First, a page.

At the last annual meeting of the International Monetary Fund and the World Bank in Seoul, South Korea, a year ago, U.S. Treasury Secretary James A. Baker III announced an ambitious plan to resolve the Third World's $960-billion debt problem.
The three-pronged initiative was designed to foster economic growth in indebted countries, expand the influence of international agencies such as the World Bank and encourage commercial banks to provide new loans to the Third World.
"The strategy was right and it is indeed working," James Conrow, the Treasury Department official in charge of developing nations, said in an interview last week.
"Incomplete," said one of Baker's more generous critics, Peter Hakim, staff director of Inter-American Dialogue, a Washington group that promotes cooperation between the United States and Latin America.
"What Baker plan?" asked a cynical East Coast banker, who said the Baker speech in Seoul was intended primarily to quiet Latin American calls for debt repudiation and coerce reluctant banks into lending more billions to their heavily indebted clients.
Debate over the success or failure of the initiative will be one of the themes of this year's IMF-World Bank annual meeting, which brings financial and economic officials of 151 member countries to Washington this week.
But many expect the Third World debt crisis to be overshadowed by serious conflicts among the major industrial nations over currency fluctuations, interest rates, protectionism and trade. Japan and West Germany will come under vigorous U.S. pressure to stimulate their economies and increase their purchases of American goods.
Dominating the cloakroom sessions and cocktail party talk will be speculation about who will succeed IMF Managing Director Jacques de Larosiere, who said last week that he will step down at the end of the year after eight years in the visible and difficult post.
Closely watched also will be Barber Conable's first major address as president of the World Bank. He took over the international development bank in July after the departure of A. W. Clausen, the former Bank of America president whose five-year tenure as head of the bank was considered administratively competent but less than successful in enhancing the bank's stature.
The appointment of Conable, a former congressman from New York, was welcomed by Third World delegates to the bank because of his knowledge of official Washington and his presumed ability to persuade U.S. policy-makers of the need for additional resources for the bank. His speech will be read as a blueprint for bank policy and emphasis over the next several years.
The IMF and World Bank are sister agencies that grew out of the Bretton Woods international monetary conference in 1944.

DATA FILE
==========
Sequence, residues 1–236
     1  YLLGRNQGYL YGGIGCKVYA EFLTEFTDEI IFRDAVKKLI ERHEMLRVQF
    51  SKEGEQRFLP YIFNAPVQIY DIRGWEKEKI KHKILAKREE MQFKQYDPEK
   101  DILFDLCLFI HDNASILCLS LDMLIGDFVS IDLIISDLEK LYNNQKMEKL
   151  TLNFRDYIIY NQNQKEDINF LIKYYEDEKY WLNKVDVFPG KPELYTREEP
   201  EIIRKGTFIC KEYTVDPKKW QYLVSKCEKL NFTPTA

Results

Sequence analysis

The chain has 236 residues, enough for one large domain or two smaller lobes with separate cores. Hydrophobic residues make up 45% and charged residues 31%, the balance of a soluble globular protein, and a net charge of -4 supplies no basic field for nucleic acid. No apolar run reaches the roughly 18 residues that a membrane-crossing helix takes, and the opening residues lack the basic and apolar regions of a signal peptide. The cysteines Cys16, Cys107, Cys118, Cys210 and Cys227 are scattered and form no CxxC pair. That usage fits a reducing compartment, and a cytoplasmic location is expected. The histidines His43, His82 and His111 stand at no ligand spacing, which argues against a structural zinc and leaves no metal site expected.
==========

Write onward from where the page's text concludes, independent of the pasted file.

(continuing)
The IMF was created to ensure orderly exchange rate and balance of payments systems among member states, while the World Bank, formally known as the International Bank for Reconstruction and Development, would finance the postwar rebuilding of Europe and Japan and modernization of the Third World.
The role of both agencies has shifted markedly in the intervening years. The IMF today is the lightning rod for foreign debt issues, enforcing austerity programs on heavily indebted nations as they try to balance their external accounts.
The World Bank is shifting its emphasis from strictly development projects--ports, irrigation systems, highways--to lending conditioned on Third World countries' adopting major market-oriented structural changes.
The meeting of the IMF and World Bank is the most important yearly gathering of world economic policy-makers.
The speeches and plenary sessions often set the tone for the coming year's discussions of global monetary issues.
Baker's speech last year, for example, was the pivotal event of the Seoul meeting and dictated the terms of policy debate for months afterward.
Key Private Sessions
But as important as the public meetings and the formal discussions are the private sessions and social functions that are read for clues to shifting ties and strategies.
Guest lists are studied for indications of possible future alliances. The declining lavishness of the receptions given by major banks is seen as a sign of increasing unwillingness to lend to the Third World. The appearance of Federal Reserve Board Chairman Paul A. Volcker can make or break a party.
In those private, informal discussions, two issues are expected to dominate: speculation about De Larosiere's successor and industrial country coordination--or lack of it--on economic and monetary policy.
"All the substantive issues will be overshadowed by the fact that De Larosiere is resigning," said Christine A. Bogdanowicz-Bindert, an international investment banker with Shearson Lehman Bros. and a former IMF official. "There'll be a lot of talk in the corridors, but I think it would be premature for the U.S. government to announce who is the replacement."